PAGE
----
One morning, there they are: raspberries in a gray cardboardbox. In the produce section of the grocery store, they stand on a special table, for, unlike strawberries and Granny Smiths and kiwi, raspberries still seem seasonal. Sometimes in the summer, markets carry them fresh from local gardens. A hand-lettered sign says so, as signs did every summer in our village where farmers' wives brought in flats of berries at midday.

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Our raspberries grew in the garden in glorious profusion, though once I married and moved away, I had always just missed them when I arrived in August. I stayed, instead, for the plums.

My sister came early enough for raspberries, which her little girl would gather, first from their bed in the garden, then from their renegade outpost north of the garage. Even wearing, with her sunsuit, her "garden shoes," an old pair of her grandmother's white high heels, she could stoop down and see under the leaves and through the canes as she reached in to dislodge the berries and drop them into the tin pan that rested in the dirt. Drop two. Eat one. Drop one. Eat two.

The tall raspberry bushes seemed misplaced among the vegetables. Tomatoes and peas and beans had to be planted or set out anew each spring; raspberries just turned up, where they were expected and where they were not.

Strawberries were compatible with the carrots and turnips and squash, for they grew low to the ground, anchored by runners that gave them a foothold in the earth. They would last the summer and, tended and mulched, reappear the next year in time for Strawberry Festival where women sold quilts and aprons embroidered with berries while their menfolk ate shortcake and pie and waffles with strawberry syrup or jam.

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The strawberry (Genus: Fragaria) is a solid, fleshy fruit, in Europe small and aromatic, in the Americas large and sweet. Rubus, the raspberry, is an aggregate, each dusky berry a cluster of drupelets that burst like bubbles against the tongue or teeth.

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My mother, who tended the garden, arose and gathered raspberries when the dew was still on the grass. "When I was little," she remembers, "we had berries for breakfast." They were served in glass bowls in the dining room with spoonfuls of powdered sugar and pitchers full of cream.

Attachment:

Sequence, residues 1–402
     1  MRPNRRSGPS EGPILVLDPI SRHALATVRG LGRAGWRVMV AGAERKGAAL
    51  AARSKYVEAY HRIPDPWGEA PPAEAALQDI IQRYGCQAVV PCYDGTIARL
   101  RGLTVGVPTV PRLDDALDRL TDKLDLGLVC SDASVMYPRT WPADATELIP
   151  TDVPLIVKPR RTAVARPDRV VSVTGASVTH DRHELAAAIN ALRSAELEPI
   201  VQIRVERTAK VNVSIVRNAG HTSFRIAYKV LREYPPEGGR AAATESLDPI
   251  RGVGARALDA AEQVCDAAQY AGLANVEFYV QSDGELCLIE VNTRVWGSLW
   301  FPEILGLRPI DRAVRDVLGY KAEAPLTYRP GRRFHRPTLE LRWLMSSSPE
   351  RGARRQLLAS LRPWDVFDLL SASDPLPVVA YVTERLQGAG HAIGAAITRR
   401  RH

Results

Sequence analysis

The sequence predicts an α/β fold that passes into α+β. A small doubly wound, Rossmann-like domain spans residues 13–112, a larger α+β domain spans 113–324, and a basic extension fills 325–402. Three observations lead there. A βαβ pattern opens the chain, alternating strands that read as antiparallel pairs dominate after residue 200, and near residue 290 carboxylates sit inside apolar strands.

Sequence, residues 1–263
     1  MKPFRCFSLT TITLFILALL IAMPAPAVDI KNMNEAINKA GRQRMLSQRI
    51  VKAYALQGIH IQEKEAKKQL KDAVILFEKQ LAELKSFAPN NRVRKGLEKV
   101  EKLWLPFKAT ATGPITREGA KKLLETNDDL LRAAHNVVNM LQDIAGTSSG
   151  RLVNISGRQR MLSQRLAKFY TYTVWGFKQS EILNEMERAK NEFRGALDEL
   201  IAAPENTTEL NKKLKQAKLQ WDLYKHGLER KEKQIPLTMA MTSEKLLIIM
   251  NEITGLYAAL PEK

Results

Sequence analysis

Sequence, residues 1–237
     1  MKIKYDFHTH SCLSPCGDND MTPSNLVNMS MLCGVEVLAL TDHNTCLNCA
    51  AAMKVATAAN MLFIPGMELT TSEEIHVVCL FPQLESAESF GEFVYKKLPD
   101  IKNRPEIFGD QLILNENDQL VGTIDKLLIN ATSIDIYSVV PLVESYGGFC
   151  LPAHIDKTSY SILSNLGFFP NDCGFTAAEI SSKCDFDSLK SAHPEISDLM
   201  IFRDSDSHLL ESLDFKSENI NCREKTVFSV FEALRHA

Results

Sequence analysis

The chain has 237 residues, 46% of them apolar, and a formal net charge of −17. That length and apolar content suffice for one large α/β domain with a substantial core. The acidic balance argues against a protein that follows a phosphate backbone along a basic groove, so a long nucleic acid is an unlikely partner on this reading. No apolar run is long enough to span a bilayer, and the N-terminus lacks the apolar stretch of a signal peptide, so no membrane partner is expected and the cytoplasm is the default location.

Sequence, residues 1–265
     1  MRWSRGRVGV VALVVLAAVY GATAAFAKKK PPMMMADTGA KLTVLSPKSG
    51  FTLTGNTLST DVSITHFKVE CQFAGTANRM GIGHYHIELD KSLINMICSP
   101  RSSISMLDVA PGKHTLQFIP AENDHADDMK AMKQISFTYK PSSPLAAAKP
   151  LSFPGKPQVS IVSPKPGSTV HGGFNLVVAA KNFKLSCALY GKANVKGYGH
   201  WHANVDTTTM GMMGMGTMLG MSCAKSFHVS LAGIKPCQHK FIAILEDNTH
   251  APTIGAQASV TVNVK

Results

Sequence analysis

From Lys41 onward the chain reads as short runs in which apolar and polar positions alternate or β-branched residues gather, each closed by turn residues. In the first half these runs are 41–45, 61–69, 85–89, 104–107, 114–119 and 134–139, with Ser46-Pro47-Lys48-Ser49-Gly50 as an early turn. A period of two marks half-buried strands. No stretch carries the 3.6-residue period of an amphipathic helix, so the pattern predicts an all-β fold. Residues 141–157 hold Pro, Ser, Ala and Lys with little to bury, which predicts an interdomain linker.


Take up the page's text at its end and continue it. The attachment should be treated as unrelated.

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Domestic raspberries the shade of garnets grew in the garden; wild raspberries, black and bright red, tumbled like fireweed through the woods. Midsummer was their season, and my father raced the birds for them, a bandanna tied around his forehead, his chest bare, his fingers deft as he pulled the berries off their core and dropped them into a bucket. Never a formal dessert, they were better served on frozen custard after the flowerbeds had been watered and the children tucked in for the night.

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"Raspberry," writes Fanny Merritt Farmer in her Boston Cooking School Cookbook index:

and currant Ice, 373

Apple Jelly, 481

Currant Preserve, 486

Hard Sauce, 392

Ice, 374

Ice Cream, 377

Jam, 483

Currant, 483

Perhaps in Boston kitchens one had to mix not quite enough raspberries with not quite enough currants, but not because anyone snitched the currants. Fresh currants feel odd in the mouth and taste worse, though the juice is as clear as claret decanted in cranberry glass.

When my husband's parents moved from their home to a retirement center, each child heeled a piece, roots and all, of the old currant bushes into new soil. Green and leafy and full, each young bush yields every other year a crop that, with sugar and pectin, makes a dozen jars of scarlet jelly as sweet as blossoms on a vine.

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Had my mother lived in Boston or even Milwaukee proper, she might have made angel or chiffon pie or raspberry whip. She might have canned whole raspberries (Canning: "Remove caps and stems. Shake the berries down so that the jar will be full.") or frozen the fruit (Freezing: "If dusty, wash quickly in ice water."). She might have made raspberry jelly or speckled jam while her children sat on a settee and minded.

But her children ran through woods and fields from morning till night. "Wild Indians!" She called us at bedtime as she brushed our tangled hair and made us wash our scraped shins and scratched arms and stained feet. Scrubbed and damp, we mumbled our evening prayers, too young not to believe that all fruit is best forbidden. Nothing beat the wicked taste of berries pilfered from prickly bushes at high noon while our mother, cool in seersucker and a safe four rows away, picked garden produce, over which, during dark winters ahead, would float clouds of paraffin wax.

Barbara Mallonee teaches writing at Loyola College.

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